Neuroscientist, psychologist and former addict Marc Lewis offers a refreshing take on addiction that fits with other research I've read.
To have a disease — instead of, say, a dangerous habit — is to be powerless to do anything except apply the prescribed cure.
The flourishing of the 12-Step movement is one of the reasons why we now routinely describe addiction as a “disease.” To have a disease — instead of, say, a dangerous habit — is to be powerless to do anything except apply the prescribed cure.
Another factor promoting the disease model is that it has ushered addiction under the aegis of the healthcare industry, whether in the form of an illness whose treatment can be charged to an insurance company or as the focus of profit-making rehab centers.
... a new book “The Biology of Desire: Why Addiction is Not a Disease.” Lewis’s argument is actually fairly simple: The disease theory, and the science sometimes used to support it, fail to take into account the plasticity of the human brain. Of course, “the brain changes with addiction,” he writes. “But the way it changes has to do with learning and development — not disease.” All significant and repeated experiences change the brain; adaptability and habit are the brain’s secret weapons. The changes wrought by addiction are not, however, permanent, and while they are dangerous, they’re not abnormal. Through a combination of a difficult emotional history, bad luck and the ordinary operations of the brain itself, an addict is someone whose brain has been transformed, but also someone who can be pushed further along the road toward healthy development.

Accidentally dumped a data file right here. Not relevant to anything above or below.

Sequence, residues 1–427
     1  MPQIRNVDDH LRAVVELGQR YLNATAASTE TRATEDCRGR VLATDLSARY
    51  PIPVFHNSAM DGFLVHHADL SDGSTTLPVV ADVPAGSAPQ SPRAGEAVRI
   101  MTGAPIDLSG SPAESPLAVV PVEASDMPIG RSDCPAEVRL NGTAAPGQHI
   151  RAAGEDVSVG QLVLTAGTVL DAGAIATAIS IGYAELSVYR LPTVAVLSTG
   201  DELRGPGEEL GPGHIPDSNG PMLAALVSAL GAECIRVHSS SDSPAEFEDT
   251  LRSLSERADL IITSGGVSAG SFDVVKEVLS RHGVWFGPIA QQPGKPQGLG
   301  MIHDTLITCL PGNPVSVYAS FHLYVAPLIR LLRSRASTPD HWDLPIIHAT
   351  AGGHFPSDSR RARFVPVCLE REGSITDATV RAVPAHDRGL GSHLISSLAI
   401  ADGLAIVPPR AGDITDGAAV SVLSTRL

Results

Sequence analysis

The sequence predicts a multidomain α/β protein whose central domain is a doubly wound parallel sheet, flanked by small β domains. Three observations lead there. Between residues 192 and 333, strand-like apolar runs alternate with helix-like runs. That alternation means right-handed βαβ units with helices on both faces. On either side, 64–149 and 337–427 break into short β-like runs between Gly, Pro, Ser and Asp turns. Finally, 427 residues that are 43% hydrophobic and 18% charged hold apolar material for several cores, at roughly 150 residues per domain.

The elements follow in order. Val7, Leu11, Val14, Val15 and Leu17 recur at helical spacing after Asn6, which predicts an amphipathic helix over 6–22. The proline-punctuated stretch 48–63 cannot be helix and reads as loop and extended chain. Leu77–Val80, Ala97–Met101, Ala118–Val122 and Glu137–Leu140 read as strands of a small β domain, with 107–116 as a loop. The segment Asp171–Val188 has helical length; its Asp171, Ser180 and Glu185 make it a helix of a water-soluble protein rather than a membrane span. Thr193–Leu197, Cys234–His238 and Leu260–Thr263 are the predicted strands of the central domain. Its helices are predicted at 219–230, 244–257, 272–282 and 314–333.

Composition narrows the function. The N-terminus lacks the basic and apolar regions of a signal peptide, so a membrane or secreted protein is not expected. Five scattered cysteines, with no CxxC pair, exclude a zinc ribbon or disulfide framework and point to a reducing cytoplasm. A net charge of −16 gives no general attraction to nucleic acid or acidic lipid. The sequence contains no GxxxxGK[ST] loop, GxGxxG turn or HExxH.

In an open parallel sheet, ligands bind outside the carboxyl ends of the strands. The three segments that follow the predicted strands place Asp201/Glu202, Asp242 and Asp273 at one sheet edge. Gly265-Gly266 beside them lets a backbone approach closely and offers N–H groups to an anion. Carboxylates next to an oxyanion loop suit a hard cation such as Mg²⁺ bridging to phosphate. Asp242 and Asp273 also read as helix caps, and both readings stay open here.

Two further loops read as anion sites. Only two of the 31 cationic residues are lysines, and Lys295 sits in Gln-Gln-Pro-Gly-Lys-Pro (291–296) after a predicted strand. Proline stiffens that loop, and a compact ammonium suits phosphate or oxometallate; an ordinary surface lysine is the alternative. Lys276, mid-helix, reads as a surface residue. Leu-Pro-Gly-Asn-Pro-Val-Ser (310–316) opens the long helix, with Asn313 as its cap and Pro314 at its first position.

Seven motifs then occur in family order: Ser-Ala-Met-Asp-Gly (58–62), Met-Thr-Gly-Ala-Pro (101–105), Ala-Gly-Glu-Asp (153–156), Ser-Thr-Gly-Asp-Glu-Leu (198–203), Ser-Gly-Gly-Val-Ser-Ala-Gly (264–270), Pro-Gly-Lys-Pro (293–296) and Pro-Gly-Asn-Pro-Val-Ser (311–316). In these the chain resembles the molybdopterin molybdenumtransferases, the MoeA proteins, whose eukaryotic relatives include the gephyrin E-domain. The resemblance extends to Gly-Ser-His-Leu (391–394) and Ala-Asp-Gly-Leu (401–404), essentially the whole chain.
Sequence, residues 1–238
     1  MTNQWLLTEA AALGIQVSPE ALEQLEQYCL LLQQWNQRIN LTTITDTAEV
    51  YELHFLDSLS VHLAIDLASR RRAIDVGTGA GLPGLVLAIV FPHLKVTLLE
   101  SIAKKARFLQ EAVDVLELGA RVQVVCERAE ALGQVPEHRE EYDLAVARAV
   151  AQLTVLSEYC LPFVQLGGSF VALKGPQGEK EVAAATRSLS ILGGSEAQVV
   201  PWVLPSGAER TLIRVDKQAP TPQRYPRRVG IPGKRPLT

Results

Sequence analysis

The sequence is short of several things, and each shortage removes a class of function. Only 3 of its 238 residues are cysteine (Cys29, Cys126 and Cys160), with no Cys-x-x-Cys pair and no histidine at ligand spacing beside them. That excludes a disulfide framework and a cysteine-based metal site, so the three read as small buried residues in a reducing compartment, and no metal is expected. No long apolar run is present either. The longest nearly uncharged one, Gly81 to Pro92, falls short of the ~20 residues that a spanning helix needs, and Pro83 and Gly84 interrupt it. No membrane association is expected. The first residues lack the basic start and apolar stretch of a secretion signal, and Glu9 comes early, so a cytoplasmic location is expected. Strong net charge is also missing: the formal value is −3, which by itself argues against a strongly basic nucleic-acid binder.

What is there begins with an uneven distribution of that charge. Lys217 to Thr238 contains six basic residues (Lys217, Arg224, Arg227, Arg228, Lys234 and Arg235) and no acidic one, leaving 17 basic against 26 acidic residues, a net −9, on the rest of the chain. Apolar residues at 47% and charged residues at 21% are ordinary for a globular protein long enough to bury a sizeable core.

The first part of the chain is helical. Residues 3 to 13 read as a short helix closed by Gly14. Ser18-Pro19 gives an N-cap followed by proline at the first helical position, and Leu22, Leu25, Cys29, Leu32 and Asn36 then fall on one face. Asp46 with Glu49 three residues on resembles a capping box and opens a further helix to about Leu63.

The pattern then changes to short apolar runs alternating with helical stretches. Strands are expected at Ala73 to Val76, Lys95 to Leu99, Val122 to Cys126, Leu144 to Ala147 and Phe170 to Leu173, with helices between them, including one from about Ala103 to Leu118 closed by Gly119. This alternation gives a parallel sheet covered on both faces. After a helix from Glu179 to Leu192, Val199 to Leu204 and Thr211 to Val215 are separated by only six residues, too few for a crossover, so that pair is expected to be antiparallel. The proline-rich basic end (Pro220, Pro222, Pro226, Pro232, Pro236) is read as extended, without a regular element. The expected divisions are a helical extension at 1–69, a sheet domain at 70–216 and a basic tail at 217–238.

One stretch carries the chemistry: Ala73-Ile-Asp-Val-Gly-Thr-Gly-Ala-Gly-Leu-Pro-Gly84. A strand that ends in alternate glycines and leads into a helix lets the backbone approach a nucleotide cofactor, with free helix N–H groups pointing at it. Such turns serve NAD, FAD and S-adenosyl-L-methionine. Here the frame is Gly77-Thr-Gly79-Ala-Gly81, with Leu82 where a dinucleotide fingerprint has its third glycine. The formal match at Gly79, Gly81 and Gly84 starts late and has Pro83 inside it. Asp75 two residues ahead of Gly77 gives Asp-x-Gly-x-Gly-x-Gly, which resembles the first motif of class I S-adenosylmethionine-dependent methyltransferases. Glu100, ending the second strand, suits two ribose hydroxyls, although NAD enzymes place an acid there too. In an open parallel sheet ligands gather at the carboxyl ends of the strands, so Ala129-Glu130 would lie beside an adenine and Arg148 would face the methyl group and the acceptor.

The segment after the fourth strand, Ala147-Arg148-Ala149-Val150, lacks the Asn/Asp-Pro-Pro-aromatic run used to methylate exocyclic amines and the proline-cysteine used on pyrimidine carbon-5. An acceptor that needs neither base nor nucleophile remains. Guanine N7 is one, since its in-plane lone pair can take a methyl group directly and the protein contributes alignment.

“The Biology of Desire” is grouped around several case studies, each one illustrating a unique path to dependency.
Each of these people, Lewis argues, had a particular “emotional wound” the substance helped them handle, but once they started using it, the habit itself eventually became self-perpetuating and in most cases ultimately served to deepen the wound.
As Lewis sees it, addiction really is habit; we just don’t appreciate how deeply habit can be engraved on the brain itself.
... Lewis is far from the only expert to voice this opinion, or to recommend cognitive behavioral therapy as a way to reshape the brain and redirect its systems into less self-destructive patterns.
... there’s a growing body of evidence that empowering addicts, rather than insisting that they embrace their powerlessness and the impossibility of ever fully shedding their addiction, can be a road to health as well. If addiction is a form of learning gone tragically wrong, it is also possible that it can be unlearned, ... [emphasis mine]